Of course being on the ice with Sebastian Aho and Jordan Staal makes his life incredibly easier, but the 27-year-old winger was able to rip a shot on the rush as the third forward entering the zone.

Perfectly placed and perfectly timed.

This is definitely picking one good play out of his 1001 minutes he played this past season, but it demonstrates that he can score some goals and beautiful ones too.

How he acts in the offensive zone led to more chances created. He was part of a Hurricanes team that were expected goals monsters last season, leading the league in xGF% for most of the season. While there were other Carolina forwards that were dominant by this metric, Ferland still carried an on-ice 54.32 xGF% at even-strength, well above league median.

That is just when Ferland is on the ice as well. Individually, he’s at the top tier of the league when it comes to generating expected goals.

Among forwards that played at least 200 minutes at even-strength last season, Ferland ranks 12th in individual expected goals per hour. His 1.06 ixG/60 is just slightly lower than John Tavares (1.08), and above other top-line wingers like Max Pacioretty (0.96) and Vladimir Tarasenko (0.91).

The way he is able to get his scoring chances so close to the net helps this number increase. Obviously the closer you are to the net, the more likely the attempt will become a goal.

Ferland benefitted greatly with the talent around him, playing with Teuvo Teravainen and Aho the most out of any other Carolina forwards. But his future with the Canucks can look fairly similar due to the amount of young talent this team already has on their roster.

He will definitely be lodged into a top-six role in Vancouver — they simply do not have the depth at his position to force any other decision by Travis Green. His future success with his new team all depends who is his centreman though.

In Aho, Ferland had a linemate that was able to create scoring chances out of nothing and get some clear chances against his opposition, with the winger picking up the scraps.

But in Vancouver, there are two options — either Bo Horvat or Elias Pettersson. Horvat had Loui Eriksson to his left for the majority of last season, while Pettersson had Josh Leivo. Neither are deserving of a top-six role on a team that hopes to be competitive sooner rather than later.

It might not be as easy as seeing what kind of styles either centre play and matching Ferland up with the best hypothetical fit, but if Ferland is the one driving towards the net there are some other options to consider.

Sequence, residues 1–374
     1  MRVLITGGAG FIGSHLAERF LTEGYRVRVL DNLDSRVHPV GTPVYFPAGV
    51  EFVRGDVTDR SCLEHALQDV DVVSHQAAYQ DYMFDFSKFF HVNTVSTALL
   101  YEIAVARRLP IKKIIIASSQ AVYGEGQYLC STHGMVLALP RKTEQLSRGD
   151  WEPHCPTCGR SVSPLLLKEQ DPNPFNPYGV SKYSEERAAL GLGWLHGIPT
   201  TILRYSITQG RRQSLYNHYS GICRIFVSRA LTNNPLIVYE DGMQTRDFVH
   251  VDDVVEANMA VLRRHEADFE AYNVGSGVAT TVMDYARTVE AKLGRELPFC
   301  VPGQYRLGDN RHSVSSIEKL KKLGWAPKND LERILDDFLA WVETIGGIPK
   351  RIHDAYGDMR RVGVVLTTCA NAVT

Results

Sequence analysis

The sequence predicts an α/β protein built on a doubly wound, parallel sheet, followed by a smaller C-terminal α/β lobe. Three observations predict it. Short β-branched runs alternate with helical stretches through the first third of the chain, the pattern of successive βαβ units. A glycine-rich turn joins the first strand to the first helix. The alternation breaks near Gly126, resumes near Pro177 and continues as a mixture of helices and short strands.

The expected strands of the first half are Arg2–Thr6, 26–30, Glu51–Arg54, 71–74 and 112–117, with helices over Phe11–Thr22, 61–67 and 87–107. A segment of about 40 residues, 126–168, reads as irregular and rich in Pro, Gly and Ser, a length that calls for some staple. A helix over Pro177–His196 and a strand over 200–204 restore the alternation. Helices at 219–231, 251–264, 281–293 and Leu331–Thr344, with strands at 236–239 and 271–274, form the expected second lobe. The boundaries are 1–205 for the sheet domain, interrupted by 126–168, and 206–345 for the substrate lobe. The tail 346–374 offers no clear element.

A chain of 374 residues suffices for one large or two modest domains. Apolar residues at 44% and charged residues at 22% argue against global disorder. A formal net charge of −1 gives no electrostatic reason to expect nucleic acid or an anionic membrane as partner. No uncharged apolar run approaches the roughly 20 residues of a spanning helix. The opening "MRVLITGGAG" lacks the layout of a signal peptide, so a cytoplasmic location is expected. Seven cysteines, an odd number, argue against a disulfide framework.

viz by Sean Tierney / data by MoneyPuck

Horvat played especially well last season, generating a boatload of chances close to the net and getting heaps of pucks towards the opposing goaltender.

While viewing both Ferland and Horvat’s shot maps from last season, they play a similar game — while Horvat had much more ice-time and therefore a bigger total of chances. But they both have a similar gameplan and while that can work in some cases, there might be a better option that’s heading into his sophomore year in the NHL.

viz by Sean Tierney / data by MoneyPuck

An all-world talent like Pettersson deserves a winger that can do all the dirty work for him. While Ferland can certainly do the grinding-out in the corner, he’s clearly shown that he’s a talented offensive player as well.

Pettersson can shoot from practically any angle but he has historically preferred to shoot from distance and not crash towards the net. Having a winger like Ferland that drills that way with his intensity could be beneficial.

If his production continues throughout the next season, Ferland will score more goals than his mediocre 17 he did last season while also justifying his low-risk contract.

He had the talent to benefit from top players around him and he can do the exact same thing in Vancouver. He had an incredible start to his season last year but dropped off massively in the second half and throughout the postseason. If Ferland is able to continue a modicum of his early-season chance creation, he should be able to succeed next to Pettersson.

It doesn’t show up in the raw numbers, but Ferland has the mentality of a goalscorer that can compliment his team and linemates. Even though his career high is just 21 goals, given the right environment, he might be able to breakout and score many more than that.

This is all hypothetical — putting hockey puzzle pieces together and hoping that they work the same way as they have in the past can be a pointless task. But if everything just breaks the right way and some chemistry is created within the Canucks lineup, Ferland’s abilities will be noticed.

With the new additions this roster has, improvements in most areas, at least the Canucks will try to be competitive.

Rising the talent floor, deepening the pool of players that will be called upon to win some games — Ferland’s acquisition will benefit them if he’s able to continue the rate of expected success.

-data via Corsica-